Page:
Review Summary: And the tape is clicking on and on
Back in the beginning of 2007, when Seattle based art-punkers Pretty Girls Make Graves announced their impending split after a few additional shows it really didn’t come as much of a surprise. The tension was not only apparent on record but it was pretty easy to tell in a live atmosphere, on stage it almost exuded off of them. Really it was something that gave the band’s first few recordings such a visceral sense of urgency in the first place, it was never a drawback in the musical sense. They managed to walk the line between noise and pop with ease, almost willingly taking hops into either side as they please. This tenacity was always a strong point of PGMG, making their early records, not to mention live sets, a cluster*** of buzzy emotion.
Conflict was bound to rise with the self-described ‘jam band’ recorders though. Giving equal footing to one another in the studio, as lead singer Andrea Zollo described herself and the band (to exclaim.ca) as extremely strong minded,
but that they tended not to agree musically.
It helped diversify the record, and you can hear the gang-recording in the music, the LP feels almost communal, as if Zollo is just a representative of the hoard. Her own personal diatribes transcending to those of the masses; it also helps that the music is epic. Good Health
is less a record of a singular mind or idea, and more of a collection of thoughts and aspirations of a distanced 20-something learning life’s stupid lessons all at once and usually away from home. It’s engaging, jarring, accessible but still technical, loud and hook laden -- oh yeah, and punk as ***.
The break-up aside, when the band followed up their stellar debut EP with this album it was almost a logical progression. The rougher hardcore edges of their brand of booming art-punk were smoothed. They began to rely more heavily on the guitar work of J Clark and Nathan Thelen, allowing them to craft killer licks rather than a mash of chaos (“More Sweet Soul” & “If You Hate Your Friends…”) Derek Fudesco’s bass is still the main source of reverb, as he’s mixed gut wrenchingly low and raw, but it just propels the manic drum work of Nick Dewitt, who can easily take the spotlight if he tries (see “Ghosts In The Radio” & “Sad Girls Por Vida.”) His mix of classic jazz drumming paired with a hardcore penchant for off-beats just enhances the structure being placed around him.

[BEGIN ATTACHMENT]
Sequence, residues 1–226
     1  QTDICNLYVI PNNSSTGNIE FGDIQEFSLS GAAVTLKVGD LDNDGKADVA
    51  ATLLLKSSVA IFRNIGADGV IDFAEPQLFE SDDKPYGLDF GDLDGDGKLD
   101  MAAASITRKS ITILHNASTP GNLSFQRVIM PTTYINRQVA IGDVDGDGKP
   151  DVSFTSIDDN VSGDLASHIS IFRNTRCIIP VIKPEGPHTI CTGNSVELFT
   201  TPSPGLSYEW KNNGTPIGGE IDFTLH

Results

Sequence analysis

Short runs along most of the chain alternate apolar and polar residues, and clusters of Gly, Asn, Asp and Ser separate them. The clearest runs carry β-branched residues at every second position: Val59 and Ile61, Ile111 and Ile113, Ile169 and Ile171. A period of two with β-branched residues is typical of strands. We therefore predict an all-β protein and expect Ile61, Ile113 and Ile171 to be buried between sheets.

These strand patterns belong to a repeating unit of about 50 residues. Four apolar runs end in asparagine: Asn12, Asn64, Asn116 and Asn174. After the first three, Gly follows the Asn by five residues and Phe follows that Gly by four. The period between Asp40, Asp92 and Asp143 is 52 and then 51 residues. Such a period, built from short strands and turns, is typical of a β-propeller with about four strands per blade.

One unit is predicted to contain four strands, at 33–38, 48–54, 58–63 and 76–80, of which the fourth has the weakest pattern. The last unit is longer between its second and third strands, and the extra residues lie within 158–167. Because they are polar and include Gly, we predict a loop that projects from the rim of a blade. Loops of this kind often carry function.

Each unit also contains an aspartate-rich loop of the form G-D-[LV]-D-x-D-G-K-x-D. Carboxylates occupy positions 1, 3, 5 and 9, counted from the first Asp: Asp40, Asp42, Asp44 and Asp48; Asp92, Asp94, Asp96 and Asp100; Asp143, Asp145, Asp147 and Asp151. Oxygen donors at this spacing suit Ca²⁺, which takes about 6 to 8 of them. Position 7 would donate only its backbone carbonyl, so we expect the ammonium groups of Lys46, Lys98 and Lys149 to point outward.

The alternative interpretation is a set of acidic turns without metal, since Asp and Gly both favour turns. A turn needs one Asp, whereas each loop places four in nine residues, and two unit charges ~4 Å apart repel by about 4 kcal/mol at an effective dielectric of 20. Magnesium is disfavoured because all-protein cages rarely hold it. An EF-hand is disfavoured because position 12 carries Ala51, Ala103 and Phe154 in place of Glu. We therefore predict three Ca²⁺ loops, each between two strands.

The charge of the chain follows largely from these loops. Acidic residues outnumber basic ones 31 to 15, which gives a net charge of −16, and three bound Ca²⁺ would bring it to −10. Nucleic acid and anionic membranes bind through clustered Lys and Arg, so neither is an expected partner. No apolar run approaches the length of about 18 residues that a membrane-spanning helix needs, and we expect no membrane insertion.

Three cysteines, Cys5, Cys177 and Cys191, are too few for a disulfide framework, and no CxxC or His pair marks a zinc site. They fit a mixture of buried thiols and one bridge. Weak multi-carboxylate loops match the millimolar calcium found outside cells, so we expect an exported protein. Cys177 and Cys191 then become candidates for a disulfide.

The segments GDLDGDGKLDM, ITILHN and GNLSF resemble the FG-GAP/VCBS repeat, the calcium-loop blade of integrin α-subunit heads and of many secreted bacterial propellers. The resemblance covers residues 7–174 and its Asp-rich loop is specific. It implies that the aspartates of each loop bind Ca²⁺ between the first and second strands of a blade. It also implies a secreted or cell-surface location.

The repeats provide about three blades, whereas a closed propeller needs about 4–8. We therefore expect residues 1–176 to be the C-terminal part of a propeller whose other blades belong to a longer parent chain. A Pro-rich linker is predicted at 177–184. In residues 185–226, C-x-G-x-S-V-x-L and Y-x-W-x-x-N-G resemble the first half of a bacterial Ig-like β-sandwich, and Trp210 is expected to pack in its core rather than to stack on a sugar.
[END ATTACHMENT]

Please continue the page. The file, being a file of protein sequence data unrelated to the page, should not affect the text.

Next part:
Really the drums are the weight that keep the band’s feet planted firmly in the squall, regardless of how hard they may try for organization. He and Fudesco keep the music on edge; which is imperative for a collection of songs so heavily reliant on their volatile mash of noise, jangle and clash. Pretty Girls Make Graves are more than adept and Good Health
practically bleeds pop-savy technicality, each song rife with infectious riffs, maniac drums and almost an overabundance of fist-pumping, head-banging hooks.
As it kind of always was and definitely would blatantly become, Good Health
is still the Andrea Zollo show. Honestly it’s probably the best season, her invigorated yelps and thunderous growls are at their fullest, even her softer performance on “The Get Away” exhibits a venomous quality. Though, this whole I could kick your ass
persona Andrea exudes is just a bonus to her performances on record. There are times when she just seriously sounds psychotic (album standout “By The Throat”), in the best way possible. Her ability to switch from an angelic coo to a earth-shaking scream on a dime was always impressive, but it was her proficiency with which she uses her voice that always made her stand out. It wasn’t so much that she could
, but more so that Andrea knew when and where to stick the tension, or to bring back the hooks -- and regardless of how the band may have been writing the tunes in the studio, it was still Zollo who was the selling point in the end.
Her on record persona (not to mention gravitational stage presence), albeit a bit rough, was never too concerned with itself. In reality, that assertion probably couldn’t have been farther from the truth. Seeing as Zollo would later garner an abundance of “control freak” jibes amongst many rumors; but at least on Good Health
she still seems more concerned with the music compared to her own image. Which is a good thing, being that in the end what gives Good Health
it’s (immense) replay value is just that sense of teetering madness; the vitality of the entire group of musicians seemingly at odds with itself right from the start lends the album an air of purpose, like these people believe so much in what they had to say that they’d suffer through each other to deliver it. Thankfully you don’t need to suffer through anything to hear it, Good Health
is a doctor recommended excursion from front to back.